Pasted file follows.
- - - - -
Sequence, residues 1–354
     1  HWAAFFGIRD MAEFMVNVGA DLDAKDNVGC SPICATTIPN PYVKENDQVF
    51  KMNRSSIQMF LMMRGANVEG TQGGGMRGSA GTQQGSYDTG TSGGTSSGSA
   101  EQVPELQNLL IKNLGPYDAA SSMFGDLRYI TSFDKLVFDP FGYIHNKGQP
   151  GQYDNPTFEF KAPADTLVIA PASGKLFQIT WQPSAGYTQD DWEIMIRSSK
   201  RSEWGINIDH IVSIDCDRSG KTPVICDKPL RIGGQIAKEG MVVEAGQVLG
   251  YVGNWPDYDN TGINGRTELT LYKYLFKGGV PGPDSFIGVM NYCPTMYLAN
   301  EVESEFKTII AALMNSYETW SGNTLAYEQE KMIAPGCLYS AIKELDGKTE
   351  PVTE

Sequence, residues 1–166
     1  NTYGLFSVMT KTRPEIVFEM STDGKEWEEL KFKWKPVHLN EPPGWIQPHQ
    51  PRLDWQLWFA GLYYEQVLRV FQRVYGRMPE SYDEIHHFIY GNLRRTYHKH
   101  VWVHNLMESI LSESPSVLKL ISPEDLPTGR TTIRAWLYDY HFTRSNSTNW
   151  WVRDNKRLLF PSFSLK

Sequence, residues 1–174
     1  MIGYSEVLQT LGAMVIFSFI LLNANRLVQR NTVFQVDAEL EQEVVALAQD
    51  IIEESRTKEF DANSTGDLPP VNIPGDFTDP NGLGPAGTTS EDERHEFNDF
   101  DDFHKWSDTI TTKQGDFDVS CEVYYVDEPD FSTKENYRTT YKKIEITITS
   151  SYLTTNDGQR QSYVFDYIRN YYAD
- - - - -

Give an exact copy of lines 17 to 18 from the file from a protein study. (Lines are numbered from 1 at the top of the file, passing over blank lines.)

    51  IIEESRTKEF DANSTGDLPP VNIPGDFTDP NGLGPAGTTS EDERHEFNDF
   101  DDFHKWSDTI TTKQGDFDVS CEVYYVDEPD FSTKENYRTT YKKIEITITS